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Time magazine called the Vallejo neighborhood watch groups -- and the increased level of prostitution -- an indication that "things could get pretty crazy in other cash-strapped cities across the country." It is also a preview into how it might play out: a desperate struggle between public sector unions moving Heaven and Earth to keep their wage, manning, and pension levels in the face of a shrinking budget.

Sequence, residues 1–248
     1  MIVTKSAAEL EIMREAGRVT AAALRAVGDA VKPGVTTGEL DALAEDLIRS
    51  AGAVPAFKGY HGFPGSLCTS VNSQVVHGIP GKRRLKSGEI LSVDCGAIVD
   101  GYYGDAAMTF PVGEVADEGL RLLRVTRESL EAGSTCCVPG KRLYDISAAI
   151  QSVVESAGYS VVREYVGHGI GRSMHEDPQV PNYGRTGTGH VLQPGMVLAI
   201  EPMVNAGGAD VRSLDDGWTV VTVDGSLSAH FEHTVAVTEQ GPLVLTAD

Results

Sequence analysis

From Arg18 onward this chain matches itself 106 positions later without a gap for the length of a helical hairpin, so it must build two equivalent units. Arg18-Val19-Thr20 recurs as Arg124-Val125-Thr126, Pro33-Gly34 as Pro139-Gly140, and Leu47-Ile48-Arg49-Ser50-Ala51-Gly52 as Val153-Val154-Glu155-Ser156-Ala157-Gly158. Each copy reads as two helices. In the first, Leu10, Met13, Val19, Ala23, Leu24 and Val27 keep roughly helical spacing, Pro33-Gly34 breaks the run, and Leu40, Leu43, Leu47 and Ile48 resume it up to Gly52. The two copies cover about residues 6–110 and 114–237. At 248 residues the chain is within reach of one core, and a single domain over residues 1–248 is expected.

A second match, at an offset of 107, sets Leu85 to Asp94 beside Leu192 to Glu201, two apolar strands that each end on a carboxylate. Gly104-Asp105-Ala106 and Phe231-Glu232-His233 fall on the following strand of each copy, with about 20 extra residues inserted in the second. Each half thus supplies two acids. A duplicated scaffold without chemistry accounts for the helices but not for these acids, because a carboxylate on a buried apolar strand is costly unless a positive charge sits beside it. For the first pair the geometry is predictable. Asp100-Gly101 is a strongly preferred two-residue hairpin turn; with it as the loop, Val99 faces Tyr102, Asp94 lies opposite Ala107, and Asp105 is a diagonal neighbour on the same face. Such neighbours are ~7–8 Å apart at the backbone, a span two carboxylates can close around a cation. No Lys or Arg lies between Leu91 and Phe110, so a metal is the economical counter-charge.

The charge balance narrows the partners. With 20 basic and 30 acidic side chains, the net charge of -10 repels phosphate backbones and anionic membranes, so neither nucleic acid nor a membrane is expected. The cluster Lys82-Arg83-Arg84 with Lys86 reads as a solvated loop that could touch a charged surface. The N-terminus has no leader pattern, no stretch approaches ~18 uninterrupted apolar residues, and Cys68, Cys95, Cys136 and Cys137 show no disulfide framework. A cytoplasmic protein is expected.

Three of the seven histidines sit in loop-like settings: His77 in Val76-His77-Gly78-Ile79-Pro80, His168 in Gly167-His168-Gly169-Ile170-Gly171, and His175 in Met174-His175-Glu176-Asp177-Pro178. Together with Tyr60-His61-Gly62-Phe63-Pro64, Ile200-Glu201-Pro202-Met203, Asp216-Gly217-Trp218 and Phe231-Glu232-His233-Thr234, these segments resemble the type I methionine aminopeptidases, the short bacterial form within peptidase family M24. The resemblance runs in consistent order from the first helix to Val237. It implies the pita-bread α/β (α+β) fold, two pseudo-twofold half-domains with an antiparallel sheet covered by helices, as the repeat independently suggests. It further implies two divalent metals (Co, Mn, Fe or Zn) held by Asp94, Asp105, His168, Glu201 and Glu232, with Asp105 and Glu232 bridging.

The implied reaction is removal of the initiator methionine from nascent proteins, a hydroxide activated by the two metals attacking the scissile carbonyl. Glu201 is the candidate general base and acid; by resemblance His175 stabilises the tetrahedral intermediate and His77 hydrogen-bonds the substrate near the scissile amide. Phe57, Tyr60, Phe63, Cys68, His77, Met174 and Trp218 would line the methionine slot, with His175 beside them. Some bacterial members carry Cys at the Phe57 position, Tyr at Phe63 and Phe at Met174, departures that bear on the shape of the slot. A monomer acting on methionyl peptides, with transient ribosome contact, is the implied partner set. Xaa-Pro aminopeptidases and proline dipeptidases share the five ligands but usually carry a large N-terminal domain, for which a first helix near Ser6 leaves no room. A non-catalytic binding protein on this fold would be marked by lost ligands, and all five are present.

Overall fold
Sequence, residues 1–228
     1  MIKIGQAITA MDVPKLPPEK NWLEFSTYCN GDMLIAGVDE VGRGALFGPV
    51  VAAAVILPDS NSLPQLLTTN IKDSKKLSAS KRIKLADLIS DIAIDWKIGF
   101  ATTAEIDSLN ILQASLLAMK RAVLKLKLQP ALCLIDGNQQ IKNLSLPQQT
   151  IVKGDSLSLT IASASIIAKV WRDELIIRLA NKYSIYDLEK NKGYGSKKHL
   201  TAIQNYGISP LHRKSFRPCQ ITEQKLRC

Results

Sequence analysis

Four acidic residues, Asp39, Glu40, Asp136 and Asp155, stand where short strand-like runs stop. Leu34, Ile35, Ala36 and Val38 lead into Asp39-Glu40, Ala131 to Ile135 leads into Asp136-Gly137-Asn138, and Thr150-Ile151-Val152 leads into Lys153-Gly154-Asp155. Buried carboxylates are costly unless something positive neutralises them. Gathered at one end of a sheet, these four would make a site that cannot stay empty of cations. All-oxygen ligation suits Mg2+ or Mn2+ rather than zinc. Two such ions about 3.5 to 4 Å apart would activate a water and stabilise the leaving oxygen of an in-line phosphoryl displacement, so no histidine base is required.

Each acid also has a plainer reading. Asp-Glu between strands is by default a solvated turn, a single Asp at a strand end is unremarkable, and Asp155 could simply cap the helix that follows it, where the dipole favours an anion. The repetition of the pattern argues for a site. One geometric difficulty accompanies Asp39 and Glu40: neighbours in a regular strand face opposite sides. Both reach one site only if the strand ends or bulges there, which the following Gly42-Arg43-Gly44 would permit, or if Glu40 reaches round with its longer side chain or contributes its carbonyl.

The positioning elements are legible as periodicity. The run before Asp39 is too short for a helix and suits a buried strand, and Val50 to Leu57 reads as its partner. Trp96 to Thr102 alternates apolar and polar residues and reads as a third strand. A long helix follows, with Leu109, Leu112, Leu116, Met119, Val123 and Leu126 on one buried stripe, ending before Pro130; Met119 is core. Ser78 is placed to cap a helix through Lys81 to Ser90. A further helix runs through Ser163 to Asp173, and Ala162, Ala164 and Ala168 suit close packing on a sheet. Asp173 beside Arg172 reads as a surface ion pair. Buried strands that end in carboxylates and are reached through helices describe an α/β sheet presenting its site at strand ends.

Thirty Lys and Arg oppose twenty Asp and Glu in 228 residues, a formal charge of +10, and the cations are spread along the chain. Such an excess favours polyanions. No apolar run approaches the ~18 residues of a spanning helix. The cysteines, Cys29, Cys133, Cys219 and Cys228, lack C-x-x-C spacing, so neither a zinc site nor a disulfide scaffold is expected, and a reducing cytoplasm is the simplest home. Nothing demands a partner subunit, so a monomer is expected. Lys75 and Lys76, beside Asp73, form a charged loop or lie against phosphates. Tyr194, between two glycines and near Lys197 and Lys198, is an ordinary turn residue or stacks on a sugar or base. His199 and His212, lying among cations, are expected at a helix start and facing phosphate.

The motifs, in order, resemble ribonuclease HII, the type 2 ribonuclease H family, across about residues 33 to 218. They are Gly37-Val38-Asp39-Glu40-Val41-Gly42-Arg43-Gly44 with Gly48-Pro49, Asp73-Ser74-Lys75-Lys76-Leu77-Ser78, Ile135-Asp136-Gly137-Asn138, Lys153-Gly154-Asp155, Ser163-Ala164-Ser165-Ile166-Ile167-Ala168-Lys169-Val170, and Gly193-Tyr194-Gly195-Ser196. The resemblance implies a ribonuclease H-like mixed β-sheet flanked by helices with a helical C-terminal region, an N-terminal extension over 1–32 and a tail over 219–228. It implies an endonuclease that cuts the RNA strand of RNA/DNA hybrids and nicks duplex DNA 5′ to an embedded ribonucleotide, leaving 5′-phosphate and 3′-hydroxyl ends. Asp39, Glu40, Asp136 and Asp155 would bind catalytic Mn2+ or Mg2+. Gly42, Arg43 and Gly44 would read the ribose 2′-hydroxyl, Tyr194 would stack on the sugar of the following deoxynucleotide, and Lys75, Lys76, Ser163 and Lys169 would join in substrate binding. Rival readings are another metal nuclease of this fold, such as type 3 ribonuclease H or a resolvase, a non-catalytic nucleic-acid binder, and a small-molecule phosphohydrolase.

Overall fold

When President Obama recently characterized the Republican Party's vision of America as being every man for himself,  where "everybody is left to fend for themselves, everybody makes their own rules, a few do very well at the top and everybody else is struggling to get by ... their core vision for America," one would have thought he was talking about bankrupt cities in California or perhaps Greece after decades of socialism. The aftermath of a collapsed welfare state isn't the "traditional" American society of white picket fences and frame houses peopled by Bible-clinging bigots. Not at least in the first instance. In any case it has to pass through the Mad Max stage of neighborhood watches and truck gardens. Not "I'm from the government and here to help you," but a world where ordinary people say "where is the government, we're here to help it." And oh, they still have to pay taxes. To pay off the debt, of course.

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